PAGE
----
More particularly, the invention relates to a bag for holding a gas or liquid, the bag including a main body having a stem portion, the main body defining an interior space and formed from a front and back sheet sealed together about a peripheral edge. The stem defines an inlet aperture at a free end thereof. A valve member has a width dimension positioned in the stem for use in inflating the main body, the valve member including a flexible front layer and a flexible back layer. The front layer is adjacent to the front sheet, and the back layer is adjacent to the back sheet. Both the front and back layers define opposing elongated edges. The front and back layers are attached together along the elongated sides to form a seal. The valve member has an inlet end and an outlet end, the inlet end is adjacent to the inlet aperture, and the outlet end is positioned in communication with the interior chamber of the main body. A front valve seal is formed between the top layer of the valve member and the top sheet of the stem portion. The top valve seal is positioned adjacent to the inlet end of the valve member, the front valve seal extending substantially perpendicularly from the longitudinal edges of the valve member and curves forwardly toward said inlet end of said valve member at a central location across said width dimension to define a front leading edge. A bottom valve seal is formed between the bottom layer of the valve member and the bottom sheet of the stem portion. The bottom valve seal is positioned adjacent to the inlet end of the valve member, and the back valve seal extends substantially perpendicularly from the longitudinal edges of the valve member and curves forwardly toward the inlet end of the valve member at a central location across the width dimension to define a back leading edge.
A method for manufacturing the valve member in a bag for containing a gas or liquid is also disclosed. The bag includes a front sheet, a back sheet, and a stem. It also includes a valve having a front side and a back side. A seal is formed between the front sheet of the balloon and the front side of the seal, and between the back side of the valve and the back sheet of the balloon. The method comprises the steps of providing a double-wound roll of valve material; providing a single-wound roll of back sheet material; providing a single-wound roll of front sheet material; forming longitudinal seals in said valve material to form individual valve members; separating adjacent individual valve members; spacing said adjacent individual valve members apart; forming the seal between the back sheet material and the back side of the individual valve member; applying the front sheet material to the combination of the valve member and the back sheet material; forming a seal between the back sheet material and the front sheet material; and forming a seal between the front sheet material and the front side of the individual valve member.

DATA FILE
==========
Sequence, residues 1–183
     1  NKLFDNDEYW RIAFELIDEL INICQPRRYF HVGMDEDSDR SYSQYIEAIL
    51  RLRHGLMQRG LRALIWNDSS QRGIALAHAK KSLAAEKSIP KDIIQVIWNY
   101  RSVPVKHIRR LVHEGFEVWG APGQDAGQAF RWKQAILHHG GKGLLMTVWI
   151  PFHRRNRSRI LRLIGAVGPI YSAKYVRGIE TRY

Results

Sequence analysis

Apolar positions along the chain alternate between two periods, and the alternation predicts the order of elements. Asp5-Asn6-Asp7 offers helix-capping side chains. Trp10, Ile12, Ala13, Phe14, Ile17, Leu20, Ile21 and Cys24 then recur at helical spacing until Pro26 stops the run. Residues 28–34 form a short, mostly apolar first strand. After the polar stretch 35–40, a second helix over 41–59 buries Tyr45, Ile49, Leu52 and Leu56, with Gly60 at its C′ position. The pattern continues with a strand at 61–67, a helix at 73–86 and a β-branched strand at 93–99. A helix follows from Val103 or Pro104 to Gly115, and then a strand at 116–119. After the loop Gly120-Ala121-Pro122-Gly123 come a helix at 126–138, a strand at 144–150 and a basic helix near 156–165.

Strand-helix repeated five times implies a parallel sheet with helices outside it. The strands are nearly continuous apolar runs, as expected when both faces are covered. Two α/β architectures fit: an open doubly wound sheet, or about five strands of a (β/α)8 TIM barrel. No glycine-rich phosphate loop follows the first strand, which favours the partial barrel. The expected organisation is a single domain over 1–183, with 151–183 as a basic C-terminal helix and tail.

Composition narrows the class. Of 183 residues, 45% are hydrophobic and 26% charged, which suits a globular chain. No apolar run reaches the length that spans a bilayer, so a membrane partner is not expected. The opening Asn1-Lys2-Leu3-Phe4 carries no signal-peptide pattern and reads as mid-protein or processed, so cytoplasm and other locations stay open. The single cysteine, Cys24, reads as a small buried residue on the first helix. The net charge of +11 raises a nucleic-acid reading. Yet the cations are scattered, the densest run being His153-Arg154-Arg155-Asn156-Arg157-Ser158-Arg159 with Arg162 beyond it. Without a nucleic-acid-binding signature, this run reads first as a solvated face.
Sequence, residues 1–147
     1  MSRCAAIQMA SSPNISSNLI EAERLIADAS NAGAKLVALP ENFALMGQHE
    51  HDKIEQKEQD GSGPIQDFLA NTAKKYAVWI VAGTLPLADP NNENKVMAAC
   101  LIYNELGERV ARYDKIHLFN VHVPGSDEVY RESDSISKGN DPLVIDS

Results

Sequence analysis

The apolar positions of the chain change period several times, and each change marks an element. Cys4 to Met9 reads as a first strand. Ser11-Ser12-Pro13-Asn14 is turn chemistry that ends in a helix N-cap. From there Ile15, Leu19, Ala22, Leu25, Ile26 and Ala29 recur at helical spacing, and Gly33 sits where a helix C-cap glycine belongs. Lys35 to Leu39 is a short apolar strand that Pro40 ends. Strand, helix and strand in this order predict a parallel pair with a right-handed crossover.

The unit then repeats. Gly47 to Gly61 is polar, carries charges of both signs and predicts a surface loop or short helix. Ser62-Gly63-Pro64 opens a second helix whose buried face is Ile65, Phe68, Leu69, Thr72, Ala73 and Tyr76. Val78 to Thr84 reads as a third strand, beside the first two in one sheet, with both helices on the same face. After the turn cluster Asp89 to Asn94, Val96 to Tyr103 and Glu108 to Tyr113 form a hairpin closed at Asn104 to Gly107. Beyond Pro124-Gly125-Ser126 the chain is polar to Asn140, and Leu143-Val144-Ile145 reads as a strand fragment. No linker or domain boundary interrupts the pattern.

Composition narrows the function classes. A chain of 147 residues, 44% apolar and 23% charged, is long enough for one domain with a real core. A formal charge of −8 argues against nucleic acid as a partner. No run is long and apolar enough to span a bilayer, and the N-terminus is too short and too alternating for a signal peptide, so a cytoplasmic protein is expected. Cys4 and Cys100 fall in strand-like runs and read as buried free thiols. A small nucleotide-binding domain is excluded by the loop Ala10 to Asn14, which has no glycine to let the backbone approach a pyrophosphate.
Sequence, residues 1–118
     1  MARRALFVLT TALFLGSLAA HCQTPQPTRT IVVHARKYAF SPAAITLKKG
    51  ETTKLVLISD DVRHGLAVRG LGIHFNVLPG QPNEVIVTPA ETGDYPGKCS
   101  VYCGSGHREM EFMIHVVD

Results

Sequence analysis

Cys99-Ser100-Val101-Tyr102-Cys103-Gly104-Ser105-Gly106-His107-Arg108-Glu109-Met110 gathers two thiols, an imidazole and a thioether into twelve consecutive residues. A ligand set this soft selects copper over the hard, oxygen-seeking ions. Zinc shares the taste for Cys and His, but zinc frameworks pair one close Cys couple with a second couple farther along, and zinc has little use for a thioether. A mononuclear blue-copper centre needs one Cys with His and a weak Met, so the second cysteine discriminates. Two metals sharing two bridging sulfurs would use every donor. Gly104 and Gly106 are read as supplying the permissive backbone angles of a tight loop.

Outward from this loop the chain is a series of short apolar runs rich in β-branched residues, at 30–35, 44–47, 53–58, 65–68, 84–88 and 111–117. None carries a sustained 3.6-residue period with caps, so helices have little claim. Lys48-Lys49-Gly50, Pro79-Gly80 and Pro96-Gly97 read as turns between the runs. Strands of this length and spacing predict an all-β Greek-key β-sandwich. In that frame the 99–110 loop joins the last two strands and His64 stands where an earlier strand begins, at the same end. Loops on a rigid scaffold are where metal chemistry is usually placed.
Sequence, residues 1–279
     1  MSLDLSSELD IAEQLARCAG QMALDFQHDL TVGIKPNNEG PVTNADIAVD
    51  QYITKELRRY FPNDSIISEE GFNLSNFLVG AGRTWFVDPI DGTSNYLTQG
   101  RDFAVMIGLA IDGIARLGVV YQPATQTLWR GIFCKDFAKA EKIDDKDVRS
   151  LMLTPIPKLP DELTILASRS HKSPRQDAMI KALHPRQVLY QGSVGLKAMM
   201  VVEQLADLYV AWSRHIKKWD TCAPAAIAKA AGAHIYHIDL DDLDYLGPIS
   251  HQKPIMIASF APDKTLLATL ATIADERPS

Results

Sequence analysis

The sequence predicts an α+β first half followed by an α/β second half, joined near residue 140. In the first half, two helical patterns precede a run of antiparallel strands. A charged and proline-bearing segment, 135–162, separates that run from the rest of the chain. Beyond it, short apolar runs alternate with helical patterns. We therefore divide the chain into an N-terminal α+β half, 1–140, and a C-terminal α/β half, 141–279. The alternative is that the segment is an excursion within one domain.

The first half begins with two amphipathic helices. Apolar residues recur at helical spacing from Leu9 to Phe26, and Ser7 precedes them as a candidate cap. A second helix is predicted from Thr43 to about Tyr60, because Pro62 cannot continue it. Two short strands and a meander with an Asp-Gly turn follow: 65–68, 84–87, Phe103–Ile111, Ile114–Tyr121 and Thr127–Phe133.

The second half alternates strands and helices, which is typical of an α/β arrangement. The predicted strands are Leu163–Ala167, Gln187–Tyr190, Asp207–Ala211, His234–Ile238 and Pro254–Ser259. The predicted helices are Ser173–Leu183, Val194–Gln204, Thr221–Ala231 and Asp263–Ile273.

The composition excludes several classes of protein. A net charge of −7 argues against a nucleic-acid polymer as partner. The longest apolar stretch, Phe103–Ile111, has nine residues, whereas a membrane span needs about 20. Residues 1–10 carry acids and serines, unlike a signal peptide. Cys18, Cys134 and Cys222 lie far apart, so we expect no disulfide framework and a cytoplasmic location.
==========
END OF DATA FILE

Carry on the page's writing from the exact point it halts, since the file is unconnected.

A more complete appreciation of the present invention and its scope can be obtained from the accompanying drawings, which are briefly summarized below, and the following detailed description of presently preferred embodiments of the invention, and the appended claims.
FIG. 1 is a perspective view of a balloon incorporating the valve member of the present invention therein.
FIG. 2 is a representative plan view of the balloon of FIG. 1, showing the relative location of the valve member of the present invention in the balloon.
FIG. 3 is an enlarged representative view of the stem portion of the balloon with the valve member of positioned therein, and shows the inventive valve seal.
FIG. 4 is an enlarged view taken along line 4--4 of FIG. 3.
FIG. 5 is an enlarged view similar to FIG. 4, showing a nozzle inserted into the stem and inflow gas entering the stem from the nozzle.
FIG. 6 is an enlarged section similar to FIG. 5, showing the valve member of the present invention open to allow the inflow gas to pass through the valve and into the chamber of the balloon.
FIG. 7 is an enlarged section taken along line 7--7 of FIG. 5.
FIG. 8 is an enlarged section taken along line 8--8 of FIG. 6.
FIG. 9 is a section taken along line 9--9 of FIG. 1.
FIG. 10 is a plan view of the valve member of the present invention.
FIG. 11 is a schematic representation of the manufacturing method for assembling the valve member of the present invention into a non-latex balloon.